WEST LAFAYETTE, Ind. (AP) — Residents of a student cooperative at Purdue University are scrambling to find a new place to live following the news that the Purdue Research Foundation would take over the property they’ve called home.
Devonshire has provided cooperative living to up to 15 women for 18 years, but the foundation, which serves as the university’s real estate arm, notified residents at the start of the fall semester that next spring would be the end of the co-op in its current location. The foundation has since agreed to a one-year reprieve, but the co-op is on borrowed time.
“We’re still on the clock, as they say,” Anne Dare, president of the alumni board and assistant house adviser for the co-op, told the Journal & Courier.
Finding a new location for the co-op won’t be easy. West Lafayette housing codes make it difficult to find room for up to 15 students close to campus.
Residents have held bake sales and sought out financial help, but whether they can afford a new home in what’s known as the “island” — a strip surrounded by Purdue and being set aside for additional student housing — is still in question.
The co-op was formed in 1997 by students who were looking for housing where women studying science, technology, engineering and math could create a support system in a place that also allowed them to live cheaply.
Residents share chores, shopping, cooking and dish duty in the two-story house, where composite photos of previous residents adorn the living room walls.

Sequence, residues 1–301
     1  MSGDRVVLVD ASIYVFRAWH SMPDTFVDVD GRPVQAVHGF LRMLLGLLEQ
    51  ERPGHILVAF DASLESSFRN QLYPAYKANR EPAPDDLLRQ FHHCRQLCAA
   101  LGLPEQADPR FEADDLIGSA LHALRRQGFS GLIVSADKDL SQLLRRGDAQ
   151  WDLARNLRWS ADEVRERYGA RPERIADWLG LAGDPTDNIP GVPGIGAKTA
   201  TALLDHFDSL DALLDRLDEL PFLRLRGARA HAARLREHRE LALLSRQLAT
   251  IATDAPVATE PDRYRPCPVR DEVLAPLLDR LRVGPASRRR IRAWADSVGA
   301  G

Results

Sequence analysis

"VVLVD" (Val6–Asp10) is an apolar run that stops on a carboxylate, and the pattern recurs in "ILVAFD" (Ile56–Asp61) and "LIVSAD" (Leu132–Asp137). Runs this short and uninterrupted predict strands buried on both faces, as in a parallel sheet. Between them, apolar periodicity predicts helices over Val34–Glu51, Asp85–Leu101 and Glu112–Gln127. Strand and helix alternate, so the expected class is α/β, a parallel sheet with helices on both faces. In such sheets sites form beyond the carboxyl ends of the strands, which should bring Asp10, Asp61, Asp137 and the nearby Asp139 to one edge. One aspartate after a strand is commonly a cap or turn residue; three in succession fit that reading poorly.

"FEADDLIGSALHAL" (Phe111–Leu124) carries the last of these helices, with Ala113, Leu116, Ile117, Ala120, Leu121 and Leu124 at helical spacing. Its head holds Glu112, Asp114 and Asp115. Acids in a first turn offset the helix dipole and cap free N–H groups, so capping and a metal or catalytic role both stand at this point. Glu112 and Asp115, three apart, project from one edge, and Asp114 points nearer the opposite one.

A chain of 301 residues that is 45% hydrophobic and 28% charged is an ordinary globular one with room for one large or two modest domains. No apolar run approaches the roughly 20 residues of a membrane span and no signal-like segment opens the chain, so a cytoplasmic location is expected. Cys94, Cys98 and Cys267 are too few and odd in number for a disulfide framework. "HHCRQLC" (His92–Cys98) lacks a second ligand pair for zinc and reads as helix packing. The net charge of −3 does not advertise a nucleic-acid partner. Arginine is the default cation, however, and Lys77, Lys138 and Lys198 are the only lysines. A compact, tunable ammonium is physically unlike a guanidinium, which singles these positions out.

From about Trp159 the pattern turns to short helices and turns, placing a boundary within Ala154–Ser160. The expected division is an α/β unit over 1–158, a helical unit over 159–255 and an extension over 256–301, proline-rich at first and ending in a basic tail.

“The girls at Devonshire became my family,” said alumna Erica Quinlan. “And at $400 a month rent, including food and all utilities, I couldn’t beat the price.”
Michael Cline, vice president for physical facilities, said the property’s future will be heavily influenced by President Mitch Daniels’ “Purdue Moves” plan, which includes a component that aims to encourage more students to live on campus.
Cynthia Sequin, director of marketing and communications for the foundation, said it’s possible that Devonshire’s year-to-year lease could continue, but there are no guarantees.
Brandon Cutler, an assistant dean of students and director of fraternity, sorority and cooperative life at Purdue, said Devonshire’s situation “has been a wake-up call for a lot of other co-ops.”
“Now they’re having the conversation: What’s 3 or 4 percent of our operating budget, and should we be putting that aside for the future?” Cutler said.
Dare said Devonshire understands the university’s desire to expand but that the situation is still difficult.
“It’s kind of a very tearful conversation we’re having. It’s kind of like going through a divorce. How long do we hang on? Who’s going to take our composites? Who gets the dishes? Who would even want to keep them?
“Maybe we’ll get lucky and we won’t have to answer those. There are ways to make the best of it. But it’s going to take a lot of leg work,” she said.